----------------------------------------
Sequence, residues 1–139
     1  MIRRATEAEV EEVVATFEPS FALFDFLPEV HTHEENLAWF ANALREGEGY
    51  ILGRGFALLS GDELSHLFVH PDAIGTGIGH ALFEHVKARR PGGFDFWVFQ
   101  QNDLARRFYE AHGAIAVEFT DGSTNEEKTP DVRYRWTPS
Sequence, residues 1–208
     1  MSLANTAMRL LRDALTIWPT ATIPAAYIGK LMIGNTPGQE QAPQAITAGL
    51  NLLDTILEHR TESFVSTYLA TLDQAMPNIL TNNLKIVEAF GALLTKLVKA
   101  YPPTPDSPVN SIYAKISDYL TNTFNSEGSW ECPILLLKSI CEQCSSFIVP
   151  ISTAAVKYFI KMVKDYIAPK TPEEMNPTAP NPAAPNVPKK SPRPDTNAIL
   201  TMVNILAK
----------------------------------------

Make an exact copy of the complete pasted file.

Sequence, residues 1–139
     1  MIRRATEAEV EEVVATFEPS FALFDFLPEV HTHEENLAWF ANALREGEGY
    51  ILGRGFALLS GDELSHLFVH PDAIGTGIGH ALFEHVKARR PGGFDFWVFQ
   101  QNDLARRFYE AHGAIAVEFT DGSTNEEKTP DVRYRWTPS
Sequence, residues 1–208
     1  MSLANTAMRL LRDALTIWPT ATIPAAYIGK LMIGNTPGQE QAPQAITAGL
    51  NLLDTILEHR TESFVSTYLA TLDQAMPNIL TNNLKIVEAF GALLTKLVKA
   101  YPPTPDSPVN SIYAKISDYL TNTFNSEGSW ECPILLLKSI CEQCSSFIVP
   151  ISTAAVKYFI KMVKDYIAPK TPEEMNPTAP NPAAPNVPKK SPRPDTNAIL
   201  TMVNILAK